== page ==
It's Finally Official: Limiting Abortion in the Guise of Helping Women is a Sham

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It's Finally Official: Limiting Abortion in the Guise of Helping Women is a Sham

The supreme court ruled Monday against abortion restrictions that effectively prevent women from being able to secure the procedure

Amy Hagstrom-Miller, president and CEO of Whole Woman’s Health, and Nancy Northup, president and chief executive of the Center for Reproductive Rights, wave in celebration as they walk down the steps of the supreme court. (Photo: Kevin Lamarque/Reuters)

In a major victory for American women, the US supreme court sent a powerful message on Monday in its Whole Woman’s Health v Hellerstedt decision: that laws purporting to protect women’s health while limiting access to abortion are an unconstitutional sham.

In a 5-3 decision, the court struck down a Texas law, called House Bill 2, responsible for shuttering more than half of the state’s clinics. The restrictions mandated that clinics become ambulatory surgical centers, adhering to wholly unnecessary hospital-like standards, and that doctors have admitting privileges at a nearby hospital even though hospitalization is almost never necessary after ending a pregnancy. The goal wasn’t to make abortion safer, of course, just impossible to obtain.

Ending a pregnancy is such a safe procedure that doctors would never be able to admit enough patients to a hospital in order to keep admitting privileges, and because abortions are so safe and common, maintaining the standards for a surgical center simply drained clinics of their resources. And anti-choice legislators know as much.

The court’s decision made clear the justices were not fooled, noting in the majority decision that “when directly asked at oral argument whether Texas knew of a single instance in which the new requirement would have helped even one woman obtain better treatment, Texas admitted that there was no evidence in the record of such a case.”

And in Justice Ruth Bader Ginsburg’s concurring opinion, she wrote it was “beyond rational belief that HB 2 could genuinely protect the health of women, and certain that the law ‘would simply make it more difficult for them to obtain abortions.’”

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Lead plaintiff in the case, Amy Hagstrom Miller, founder and CEO of Whole Woman’s Health, released a statement saying that her clinics “treat our patients with compassion, respect and dignity – and today the supreme court did the same.”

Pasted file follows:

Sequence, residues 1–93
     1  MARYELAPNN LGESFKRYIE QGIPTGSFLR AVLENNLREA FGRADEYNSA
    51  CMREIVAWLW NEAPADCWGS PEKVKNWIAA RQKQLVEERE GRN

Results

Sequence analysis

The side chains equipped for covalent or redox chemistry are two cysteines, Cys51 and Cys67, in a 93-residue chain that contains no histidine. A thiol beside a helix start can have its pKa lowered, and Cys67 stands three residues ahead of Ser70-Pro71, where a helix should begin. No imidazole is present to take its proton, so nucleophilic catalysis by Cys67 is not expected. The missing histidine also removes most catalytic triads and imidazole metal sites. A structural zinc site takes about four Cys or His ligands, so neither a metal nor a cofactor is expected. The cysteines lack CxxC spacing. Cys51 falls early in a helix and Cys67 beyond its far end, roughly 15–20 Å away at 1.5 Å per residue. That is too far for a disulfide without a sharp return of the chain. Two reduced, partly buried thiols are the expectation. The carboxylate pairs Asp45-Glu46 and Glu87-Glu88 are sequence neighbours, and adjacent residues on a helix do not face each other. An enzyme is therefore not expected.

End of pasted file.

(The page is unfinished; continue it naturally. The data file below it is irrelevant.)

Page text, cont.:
She continued, “I want everyone to understand: you don’t mess with Texas, you don’t mess with Whole Woman’s Health and you don’t mess with this beautiful, powerful movement of people dedicated to reproductive health, rights, and justice.”

The ruling represents a significant loss for anti-abortion groups, who have been pushing Targeted Regulation of Abortion Providers (Trap laws) over the last decade: as of this year, 24 states have some sort of law or policy that restricts abortion access through targeting the way providers work.

But the Whole Woman’s Health decision – which laid bare the way that these mandates constitute an undue burden on women seeking abortion – stands to put that years-long strategy in jeopardy. It will be that much harder for anti-choice legislators to shroud their policies in rhetoric about protecting women when the highest court in the country has essentially called the tactic nonsense.

For pro-choicers, the decision isn’t just a win, but a sticking point in the upcoming presidential election. Pro-choice organizations wasted no time releasing statements that tied the decision to how a Donald Trump presidency would be disastrous for women. Ilyse Hogue, president of Naral Pro-Choice America, says that Trump “is committed to appointing justices who will once again make abortion illegal across the country”. Stephanie Schriock, president of Emily’s List, noted that “extremist Republicans like Donald Trump should take note... women are paying attention and you’ll be hearing our voices loud and clear come November.”

Before November comes, though, American women can do some much-deserved celebrating in the wake of Monday’s decision. A strategy that aimed to limit our rights while invoking our protection has been proven impotent. A law that put tens of thousands of us in danger has been overturned. It is, finally, a good day.

Jessica Valenti

Jessica Valenti is the author of three books, including The Purity Myth: How America’s Obsession with Virginity is Hurting Young Women, which was recently made into a documentary. She is editor of the award-winning anthology Yes Means Yes: Visions of Female Sexual Power and a World Without Rape and the founder of, which Columbia Journalism Review calls “head and shoulders above almost any writing on women’s issues in mainstream media.” Jessica was the recipient of the 2011 Hillman Journalism Prize and was called one of the Top 100 Inspiring Women in the world by The Guardian.

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